Thermal insulation on all McDonnell Douglas DC-10s and Boeing MD-80s, MD-90s and MD-11s must be replaced within four years, the US Federal Aviation Administration has ordered.

The regulation has been under consideration for more than a year, but has become mandatory just as the Transportation Safety Board (TSB) of Canada releases interim recommendations on insulation materials. This follows findings in the Swissair MD-11 accident inquiry. The inquiry has recovered enough of the metallised Mylar (polyethylene terephthalate) insulation from the cockpit area to deduce that the material played a part in "sustaining" the fire which brought down the MD-11 off Nova Scotia in September last year. The ignition source is suspected to have been faulty wiring, however.

TSB safety recommendations following the investigation state: "There are indications that a significant source of combustible materials that sustained the fire were thermal acoustical insulation blanket material." The board calls for its urgent replacement.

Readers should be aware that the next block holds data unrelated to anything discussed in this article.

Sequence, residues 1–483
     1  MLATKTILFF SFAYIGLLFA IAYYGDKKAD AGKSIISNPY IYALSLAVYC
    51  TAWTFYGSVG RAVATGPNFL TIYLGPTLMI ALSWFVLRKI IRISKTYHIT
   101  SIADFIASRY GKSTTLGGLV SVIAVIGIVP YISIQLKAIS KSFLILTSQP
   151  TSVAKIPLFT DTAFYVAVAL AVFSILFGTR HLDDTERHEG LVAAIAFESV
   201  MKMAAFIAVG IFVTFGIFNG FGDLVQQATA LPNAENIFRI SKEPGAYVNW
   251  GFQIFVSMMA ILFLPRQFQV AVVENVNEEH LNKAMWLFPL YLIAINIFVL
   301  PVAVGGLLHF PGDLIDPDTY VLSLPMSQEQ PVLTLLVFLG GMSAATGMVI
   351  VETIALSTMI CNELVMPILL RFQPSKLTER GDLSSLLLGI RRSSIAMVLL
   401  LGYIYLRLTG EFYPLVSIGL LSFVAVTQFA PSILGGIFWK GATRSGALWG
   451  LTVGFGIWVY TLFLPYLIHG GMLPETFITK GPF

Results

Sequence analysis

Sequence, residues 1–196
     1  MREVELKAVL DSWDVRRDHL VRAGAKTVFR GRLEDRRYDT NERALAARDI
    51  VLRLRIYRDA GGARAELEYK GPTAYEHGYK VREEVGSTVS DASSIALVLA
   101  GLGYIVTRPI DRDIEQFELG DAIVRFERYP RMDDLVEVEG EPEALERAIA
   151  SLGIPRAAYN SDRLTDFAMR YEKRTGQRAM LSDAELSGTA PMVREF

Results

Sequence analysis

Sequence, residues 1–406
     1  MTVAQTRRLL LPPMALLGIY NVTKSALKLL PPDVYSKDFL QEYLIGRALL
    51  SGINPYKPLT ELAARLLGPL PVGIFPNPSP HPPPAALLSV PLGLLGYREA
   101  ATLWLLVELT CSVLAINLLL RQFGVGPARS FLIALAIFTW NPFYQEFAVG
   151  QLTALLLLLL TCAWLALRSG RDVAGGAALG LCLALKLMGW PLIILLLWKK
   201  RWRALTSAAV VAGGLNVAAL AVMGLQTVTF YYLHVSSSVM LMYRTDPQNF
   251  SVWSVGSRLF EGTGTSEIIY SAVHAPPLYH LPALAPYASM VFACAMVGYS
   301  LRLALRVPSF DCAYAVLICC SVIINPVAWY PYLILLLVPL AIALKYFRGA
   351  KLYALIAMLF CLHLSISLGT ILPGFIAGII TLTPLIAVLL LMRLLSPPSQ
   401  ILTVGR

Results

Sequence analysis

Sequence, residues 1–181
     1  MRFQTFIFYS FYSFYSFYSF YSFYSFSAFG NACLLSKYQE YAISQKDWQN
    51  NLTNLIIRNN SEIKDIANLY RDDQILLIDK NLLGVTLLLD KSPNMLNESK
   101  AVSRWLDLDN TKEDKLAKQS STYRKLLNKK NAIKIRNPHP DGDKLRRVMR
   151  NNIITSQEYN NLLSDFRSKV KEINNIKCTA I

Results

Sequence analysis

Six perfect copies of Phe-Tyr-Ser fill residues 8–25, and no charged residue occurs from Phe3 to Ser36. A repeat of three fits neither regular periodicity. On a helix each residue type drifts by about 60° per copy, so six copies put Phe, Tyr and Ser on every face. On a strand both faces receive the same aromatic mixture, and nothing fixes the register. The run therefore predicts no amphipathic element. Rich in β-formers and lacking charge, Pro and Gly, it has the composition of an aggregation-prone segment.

The order affects 700 US-registered aircraft, but if foreign authorities follow the FAA, an additional 530 aircraft could be involved. The cost to US operators is $255 million, according to FAA estimates.

Insulation replacement should take place at the earliest heavy maintenance visit, the FAA says. Potential alternative insulation blanket materials include non-metallised Mylar, metallised Tedlar (polyvinyl fluoride) and a polyester-covered foam known as Teril 34.

The action will not lead to a tougher specification for other types of aircraft insulation. The FAA had originally proposed this, then backed off following industry protest, as it could have led to insulation replacement in up to 12,000 commercial aircraft worldwide.

Source: Flight International